Question: Auditor General Bonnie Lysyk recently brought to light the Ontario Liberals expensive attempt to promote green energy in the province. The mismanagement of energy resulted in a cost of $37 billion to Ontario electricity users between 2006 and 2014. What do you think of the Ontario Liberals plan to impose a cap and trade system in order to curb greenhouse gas emissions? What would a Conservative government do about climate change?
Well, there is a few points in there, to start with energy, the Auditor General’s report exposed the Liberals on their energy policy. They ignored the recommendations of experts, and it cost everyone more. So to break down the $37 billion, it’s a $12,000 cost per person in this province, because of their incompetence. Thanks to Kathleen Wynne and Dalton McGuinty’s incompetence, you are going to pay $12,000 more than you should have for electricity. We can’t have that. It is absolutely unacceptable and we continue to have mass of surplus of electricity, so we are actually selling energy for less than the cost to produce. You can’t even comprehend that. In terms of climate change, I’m not really a climate skeptic, I believe climate change is a real concern and that government needs to work together to combat it, but what my worry with Kathleen Wynne’s plan [with regards to the carbon tax] is there are no details, it just appears to be a revenue grab. I challenge the Premier to make it revenue neutral. Instead, work to help industries, fight greenhouse gas growth, curb climate change. The government had evaded this challenge. So I want to see us tackle climate change, but in a real and tangible fashion. Climate change is important for the Conservative Party.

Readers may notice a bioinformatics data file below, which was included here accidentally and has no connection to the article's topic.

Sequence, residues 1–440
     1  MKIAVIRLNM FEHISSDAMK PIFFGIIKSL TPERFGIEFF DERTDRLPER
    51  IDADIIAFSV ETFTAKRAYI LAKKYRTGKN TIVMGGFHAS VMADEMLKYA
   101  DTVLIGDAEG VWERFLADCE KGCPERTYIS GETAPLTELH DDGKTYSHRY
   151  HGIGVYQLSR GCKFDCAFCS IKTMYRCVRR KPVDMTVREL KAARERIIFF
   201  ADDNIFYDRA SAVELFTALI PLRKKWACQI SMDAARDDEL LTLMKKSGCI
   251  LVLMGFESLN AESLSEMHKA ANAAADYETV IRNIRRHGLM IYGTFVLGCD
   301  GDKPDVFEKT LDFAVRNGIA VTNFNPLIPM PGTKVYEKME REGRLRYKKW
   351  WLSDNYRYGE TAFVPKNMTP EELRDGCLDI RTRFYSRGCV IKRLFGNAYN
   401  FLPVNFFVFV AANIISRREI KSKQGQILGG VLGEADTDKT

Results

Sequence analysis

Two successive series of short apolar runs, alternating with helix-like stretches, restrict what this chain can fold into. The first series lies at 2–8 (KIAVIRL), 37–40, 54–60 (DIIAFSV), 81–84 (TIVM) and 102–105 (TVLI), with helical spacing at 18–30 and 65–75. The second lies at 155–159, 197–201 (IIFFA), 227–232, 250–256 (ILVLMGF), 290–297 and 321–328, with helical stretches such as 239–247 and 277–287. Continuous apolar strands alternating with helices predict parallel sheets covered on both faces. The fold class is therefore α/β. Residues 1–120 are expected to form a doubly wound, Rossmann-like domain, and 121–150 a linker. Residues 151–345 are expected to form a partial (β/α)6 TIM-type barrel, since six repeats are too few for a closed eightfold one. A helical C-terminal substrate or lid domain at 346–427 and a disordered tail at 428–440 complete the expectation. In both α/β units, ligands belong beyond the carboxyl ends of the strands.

Question: In 2007, John Tory supported the funding of all faith-based schools in the province, which arguably led to his defeat in the election that year. If you were asked to speak on this issue, what solution would you propose?
I don’t support faith based funding. I thought that was a mistake that John Tory ran on. I think he recognized that afterwards and said so. It would not be part of my platform, I have ideas on the education system and not be related to a faith based funding model. It would have more to do with skills engagement in high school, it would be about making financial literacy mandatory, and gearing education to employment, but it would not be about school based on religion.
Question: If elected, how would your government work with the Federal Liberals to ensure the prosperity of Ontario?
Well for me it doesn’t matter who is in power, I’m willing to work with anyone. I don’t care if it’s a Green party, the Liberals, the Conservatives, anyone who is willing to benefit Ontario, I will work with. Sometimes we get too hung up on parties and politics. I think outside of the bubble of the House of Commons, outside Queens Park, the average family only really cares about results. Work together, put your differences aside, and understand that it’s about moving the province forward, and moving the country forward, and I would certainly put parties and politics secondary to the best interest of the province I love.
The above news item is published in January 2016 print issue of Monsoon Journal.